I teach a Tier III (RtI) Reading Enrichment course for a small group of struggling readers. I asked them the question “What do good readers do?” We did a Jot Thoughts activity, and as they reported to the class, I created an anchor chart. Then, we read an informational passage about the underground railroad and created a mini-book practicing 6 of the strategies the kids thought were most important. They chose all 6, but they were 5 of the 6 I’d originally hoped for. I think that it’s maybe because of the enthusiastic praise I gave when they answered the way I wanted, haha!

2. 6 Traits of Writing

I asked my students what they find in good writing? We did a Jot Thoughts and a quick lesson on the 6 Traits. Then, they posted their Jot Thoughts stickies on a poster showing which trait it falls under. I didn’t take pictures though.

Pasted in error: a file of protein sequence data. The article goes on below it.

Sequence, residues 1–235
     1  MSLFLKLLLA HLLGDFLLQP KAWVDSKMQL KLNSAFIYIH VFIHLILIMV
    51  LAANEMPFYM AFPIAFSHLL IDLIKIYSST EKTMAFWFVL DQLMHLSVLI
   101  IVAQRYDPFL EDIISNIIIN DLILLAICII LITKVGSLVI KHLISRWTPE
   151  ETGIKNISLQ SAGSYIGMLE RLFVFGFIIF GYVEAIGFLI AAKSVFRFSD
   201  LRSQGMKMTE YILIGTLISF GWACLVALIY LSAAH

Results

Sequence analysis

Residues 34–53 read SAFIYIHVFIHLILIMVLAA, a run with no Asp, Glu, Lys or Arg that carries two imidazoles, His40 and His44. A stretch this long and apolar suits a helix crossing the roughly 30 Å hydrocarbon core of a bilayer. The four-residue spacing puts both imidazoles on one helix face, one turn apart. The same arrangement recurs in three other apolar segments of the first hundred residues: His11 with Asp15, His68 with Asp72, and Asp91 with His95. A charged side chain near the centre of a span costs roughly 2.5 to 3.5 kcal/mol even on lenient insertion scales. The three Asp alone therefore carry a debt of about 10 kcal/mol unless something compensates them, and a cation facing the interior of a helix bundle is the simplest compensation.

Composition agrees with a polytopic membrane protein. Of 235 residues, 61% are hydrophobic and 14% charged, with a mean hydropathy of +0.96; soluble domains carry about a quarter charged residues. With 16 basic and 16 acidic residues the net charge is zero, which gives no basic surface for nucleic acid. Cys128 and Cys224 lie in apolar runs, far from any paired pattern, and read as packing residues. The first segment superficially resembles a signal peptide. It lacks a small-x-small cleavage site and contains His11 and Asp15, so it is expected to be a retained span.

3. Conflict

We took notes on internal and external conflicts. Then we did a Jot Thoughts activity to brainstorm examples of conflicts. As we were discussing the thoughts in our groups, we took turns classifying them as character vs. _____.  Then, they chose their favorites and added them to the anchor chart we created while taking notes. They were pretty clever, but names are blurred to protect the innocent … or not-so-innocent, according to some.

I don’t think it was 47, but still, a good character vs. society conflict.

If little girls do beat up one of my boys, that will indeed be a character vs. character conflict.

The other side says parents. I’ll teach them how to spell with!